- The number of people killed in South Sudan in the anti-government uprising and ensuing tribal warfare “remains unknown, although it is likely in the thousands,” Unmiss said
- Investigators were unable to visit several sites of reported mass killings due to fighting in those areas or restrictions imposed by government armed forces
Kenyan women were subjected to sexual violence in the South Sudan towns of Rubkona and Bentiu in the second half of December, the United Nations Mission in South Sudan (Unmiss) said in a report issued on Friday.
Mass killings and gender-based violence, including gang-rapes and forced abortions, are among the human rights violations described in the Unmiss interim report. It covers the period from the start of the conflict on December 15 through the end of January.
The Kenyan women were targeted as foreign nationals, along with Ugandans, Ethiopians and Eritreans, Unmiss said, citing interviews with victims.
Opposition forces controlled Bentiu and Rubkona during the period when the rapes occurred, the report noted.
The number of people killed in South Sudan in the anti-government uprising and ensuing tribal warfare “remains unknown, although it is likely in the thousands,” Unmiss said.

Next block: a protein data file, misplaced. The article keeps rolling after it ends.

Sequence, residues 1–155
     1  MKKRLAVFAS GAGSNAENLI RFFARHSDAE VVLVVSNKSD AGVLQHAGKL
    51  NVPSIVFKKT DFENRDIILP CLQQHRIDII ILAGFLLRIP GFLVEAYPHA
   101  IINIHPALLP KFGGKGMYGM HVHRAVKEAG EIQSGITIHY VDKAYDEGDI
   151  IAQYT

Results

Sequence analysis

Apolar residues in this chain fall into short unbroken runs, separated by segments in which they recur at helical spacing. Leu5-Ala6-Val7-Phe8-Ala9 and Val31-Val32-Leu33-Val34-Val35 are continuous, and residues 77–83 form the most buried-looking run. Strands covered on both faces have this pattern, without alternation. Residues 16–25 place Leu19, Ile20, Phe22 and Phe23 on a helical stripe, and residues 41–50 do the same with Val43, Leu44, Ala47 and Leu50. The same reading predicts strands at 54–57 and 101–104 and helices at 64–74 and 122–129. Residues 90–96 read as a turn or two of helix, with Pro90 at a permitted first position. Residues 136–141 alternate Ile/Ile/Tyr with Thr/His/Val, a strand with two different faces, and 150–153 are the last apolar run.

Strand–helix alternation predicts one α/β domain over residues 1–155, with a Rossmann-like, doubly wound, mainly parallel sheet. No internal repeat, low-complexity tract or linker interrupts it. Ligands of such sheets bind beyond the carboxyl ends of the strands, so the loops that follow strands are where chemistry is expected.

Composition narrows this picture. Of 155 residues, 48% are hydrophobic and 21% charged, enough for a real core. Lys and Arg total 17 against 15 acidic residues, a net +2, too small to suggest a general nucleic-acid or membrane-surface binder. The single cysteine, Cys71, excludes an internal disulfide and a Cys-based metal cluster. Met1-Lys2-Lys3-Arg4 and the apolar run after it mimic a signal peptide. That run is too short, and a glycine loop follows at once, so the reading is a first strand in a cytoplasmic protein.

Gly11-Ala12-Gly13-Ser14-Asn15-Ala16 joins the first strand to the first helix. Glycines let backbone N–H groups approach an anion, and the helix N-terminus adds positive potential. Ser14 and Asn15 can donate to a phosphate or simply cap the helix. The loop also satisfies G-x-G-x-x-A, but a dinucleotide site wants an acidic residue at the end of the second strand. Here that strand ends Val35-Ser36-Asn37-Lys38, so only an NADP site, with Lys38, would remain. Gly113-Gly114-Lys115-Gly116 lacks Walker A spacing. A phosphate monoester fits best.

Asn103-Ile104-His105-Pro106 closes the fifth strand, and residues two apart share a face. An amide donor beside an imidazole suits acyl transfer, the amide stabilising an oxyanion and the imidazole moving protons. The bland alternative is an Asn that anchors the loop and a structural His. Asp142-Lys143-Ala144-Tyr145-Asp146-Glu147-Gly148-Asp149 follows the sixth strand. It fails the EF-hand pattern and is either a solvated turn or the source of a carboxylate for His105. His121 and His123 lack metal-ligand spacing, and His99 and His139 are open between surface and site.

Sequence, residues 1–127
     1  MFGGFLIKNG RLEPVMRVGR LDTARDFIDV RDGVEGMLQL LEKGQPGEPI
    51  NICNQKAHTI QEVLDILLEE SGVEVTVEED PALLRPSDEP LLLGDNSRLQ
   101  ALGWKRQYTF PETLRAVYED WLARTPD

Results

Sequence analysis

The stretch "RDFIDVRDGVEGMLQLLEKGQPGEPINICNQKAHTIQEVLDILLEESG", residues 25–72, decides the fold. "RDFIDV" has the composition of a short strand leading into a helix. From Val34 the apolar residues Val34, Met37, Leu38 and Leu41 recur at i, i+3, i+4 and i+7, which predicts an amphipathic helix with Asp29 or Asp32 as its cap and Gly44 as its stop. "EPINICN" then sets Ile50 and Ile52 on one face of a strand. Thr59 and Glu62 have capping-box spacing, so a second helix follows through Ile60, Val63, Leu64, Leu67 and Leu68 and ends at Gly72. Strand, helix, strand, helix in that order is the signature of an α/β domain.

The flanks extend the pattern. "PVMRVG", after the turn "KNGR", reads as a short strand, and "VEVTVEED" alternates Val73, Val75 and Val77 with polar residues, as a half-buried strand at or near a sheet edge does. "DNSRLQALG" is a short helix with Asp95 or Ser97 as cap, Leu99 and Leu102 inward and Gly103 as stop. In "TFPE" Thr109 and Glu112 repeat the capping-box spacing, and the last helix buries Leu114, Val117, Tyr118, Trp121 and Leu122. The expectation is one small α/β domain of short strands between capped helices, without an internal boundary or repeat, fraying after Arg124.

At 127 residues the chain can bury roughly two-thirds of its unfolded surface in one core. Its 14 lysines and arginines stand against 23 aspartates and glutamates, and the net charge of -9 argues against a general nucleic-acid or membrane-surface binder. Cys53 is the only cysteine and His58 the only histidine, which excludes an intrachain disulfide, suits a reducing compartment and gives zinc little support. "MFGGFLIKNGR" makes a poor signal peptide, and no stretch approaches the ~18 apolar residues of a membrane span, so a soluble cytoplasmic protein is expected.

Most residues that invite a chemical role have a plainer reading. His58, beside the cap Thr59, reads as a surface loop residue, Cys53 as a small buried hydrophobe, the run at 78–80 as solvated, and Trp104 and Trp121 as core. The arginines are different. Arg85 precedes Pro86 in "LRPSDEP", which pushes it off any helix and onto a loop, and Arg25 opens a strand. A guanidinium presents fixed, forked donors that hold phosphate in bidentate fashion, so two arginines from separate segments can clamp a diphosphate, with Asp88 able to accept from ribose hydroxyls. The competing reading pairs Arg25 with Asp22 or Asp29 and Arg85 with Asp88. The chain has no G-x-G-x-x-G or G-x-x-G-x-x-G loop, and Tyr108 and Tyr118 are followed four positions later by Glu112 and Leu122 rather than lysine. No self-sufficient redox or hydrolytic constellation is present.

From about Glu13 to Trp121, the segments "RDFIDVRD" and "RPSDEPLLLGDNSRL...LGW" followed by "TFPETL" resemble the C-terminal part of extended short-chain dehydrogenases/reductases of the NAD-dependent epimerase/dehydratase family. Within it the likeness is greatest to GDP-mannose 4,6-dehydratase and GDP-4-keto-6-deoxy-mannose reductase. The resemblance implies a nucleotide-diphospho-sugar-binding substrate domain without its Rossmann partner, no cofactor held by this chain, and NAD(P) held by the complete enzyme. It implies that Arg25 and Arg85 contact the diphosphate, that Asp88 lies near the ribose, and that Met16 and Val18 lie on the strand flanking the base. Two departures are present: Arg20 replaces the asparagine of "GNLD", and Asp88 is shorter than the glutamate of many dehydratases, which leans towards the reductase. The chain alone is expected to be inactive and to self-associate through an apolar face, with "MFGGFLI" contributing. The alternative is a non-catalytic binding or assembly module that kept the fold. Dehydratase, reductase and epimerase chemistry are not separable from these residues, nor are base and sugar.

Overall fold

Both Dinka and Nuer have committed atrocities, the report found. (READ: South Sudan rivals trade blame for new atrocities)
It said that interviews with hundreds of victims and witnesses indicate “deliberate targeting of civilians, both nationals and foreigners, in extrajudicial and other killings, including mass killings, enforced disappearances, gender-based violence such as rapes and gang-rapes, and instances of ill treatment and torture by forces from both sides of the conflict.”
The UN mission cautioned, however, that the information it has presented requires further verification.